American Welding Society Forum
Can someone please give some suggestions regarding the welding of A514 Gr.B to A514 Gr.B. We are trying to weld one inch thick plate to one inch thick plate. Both plates are A514 Gr.B. (a.k.a T-1). I was wondering if someone could tell me what filler metal, shielding gases, and preheat would be required? Thanks for your help!
There are options for filler metals when welding A-514. If weld metal base metal strength needs to be similar than E-11018 Smaw and similar GMAW/FCAW filler metals can be used.
US Steel used to publish a book with useful welding information for "T1".
1) Low Hydrogen processes are nearly always required
2) preheat reduces tendancies to crack,
3) excessive heat input and/or high preheat interpass will give you a weld that will pass RT/UT but are not as strong as those properly welded
4) Don't jam together tee and corner joints Leave room for contraction
5) Don't gouge with oxyfuel processed
6) Thermal straightening can cause problems if not carefully controlled
7) Similar to the military "HY-xx" steels
I agree with Pipewelder_1999's answer. From our experience with hydro penstocks and power station draught fans made from ASTM A514 Gr J you should not under-estimate the tendency of hydrogen induced cracking, the hardenability for this material at this thickness (25mm) is high. We used FCAW filler E110T5-k4 and a shielding gas mix of 84% Ar - 16% CO2 with success on this material.
While welding 5" thick gear tooth rack butt splices on A514-94Q material, we used the following:
E110T1-K3, .045" Flux Core
75%Argon / 25% CO2 shielding gas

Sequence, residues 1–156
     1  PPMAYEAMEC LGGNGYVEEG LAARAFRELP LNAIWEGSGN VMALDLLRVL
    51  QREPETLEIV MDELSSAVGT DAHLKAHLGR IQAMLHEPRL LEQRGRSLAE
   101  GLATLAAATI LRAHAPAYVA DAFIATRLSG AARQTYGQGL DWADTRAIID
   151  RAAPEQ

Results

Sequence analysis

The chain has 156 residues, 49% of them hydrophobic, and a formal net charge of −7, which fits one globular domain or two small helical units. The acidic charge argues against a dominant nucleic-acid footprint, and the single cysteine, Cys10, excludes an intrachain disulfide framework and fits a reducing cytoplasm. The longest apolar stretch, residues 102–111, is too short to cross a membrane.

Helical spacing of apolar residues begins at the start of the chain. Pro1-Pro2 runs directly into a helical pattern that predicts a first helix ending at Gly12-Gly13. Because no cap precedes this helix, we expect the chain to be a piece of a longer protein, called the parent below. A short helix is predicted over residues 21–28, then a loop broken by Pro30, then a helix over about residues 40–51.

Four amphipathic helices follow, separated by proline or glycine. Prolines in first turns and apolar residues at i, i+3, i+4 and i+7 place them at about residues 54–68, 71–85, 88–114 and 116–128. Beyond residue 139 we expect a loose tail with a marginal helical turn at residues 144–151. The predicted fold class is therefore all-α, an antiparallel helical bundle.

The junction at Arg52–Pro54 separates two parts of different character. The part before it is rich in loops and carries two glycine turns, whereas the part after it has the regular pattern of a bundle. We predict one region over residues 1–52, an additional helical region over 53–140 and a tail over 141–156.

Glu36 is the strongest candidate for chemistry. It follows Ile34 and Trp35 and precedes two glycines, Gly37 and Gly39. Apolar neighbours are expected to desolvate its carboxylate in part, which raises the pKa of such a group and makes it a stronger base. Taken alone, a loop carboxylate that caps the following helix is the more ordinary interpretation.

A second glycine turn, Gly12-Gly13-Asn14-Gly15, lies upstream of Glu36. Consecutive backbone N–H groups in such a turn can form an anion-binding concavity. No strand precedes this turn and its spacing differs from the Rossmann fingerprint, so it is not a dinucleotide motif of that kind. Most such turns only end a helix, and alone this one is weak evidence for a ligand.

350 degree minimum preheat with 500 degree max interpass temp
To keep it from cracking:
Once you preheat, don't let it cool below 350 until you've finished the weld.
Preheat a large area of the surrounding base metal.
When you've finished the weld, ensure the surrounding base metal is still 350. Heat it again if you need to.
Don't let it cool off too fast. We would wrap the weld and surrounding base metal with K-Wool insulation, and leave it on there for 12 hours.
Delayed cracking can be a problem, especially if it cools too fast.
We would wait 72 hours before performing MT and UT inspection for cracks.
If you have to make repairs, don't forget to preheat and slow cool just like the original weld, if not with greater care.
Let us know what worked best for you!
GO TO www.weldreality.com visit ASTM Steels its all there
Just wanted to say thanks to all of the folks offering help!
I just ran a PQR for A514 Gr F, I have no Idea the difference of GR F and GR B with out looking at the MTR of the GR B but we used E110T1-K3 with a 75/25 Argon/CO2 mix and had great success.
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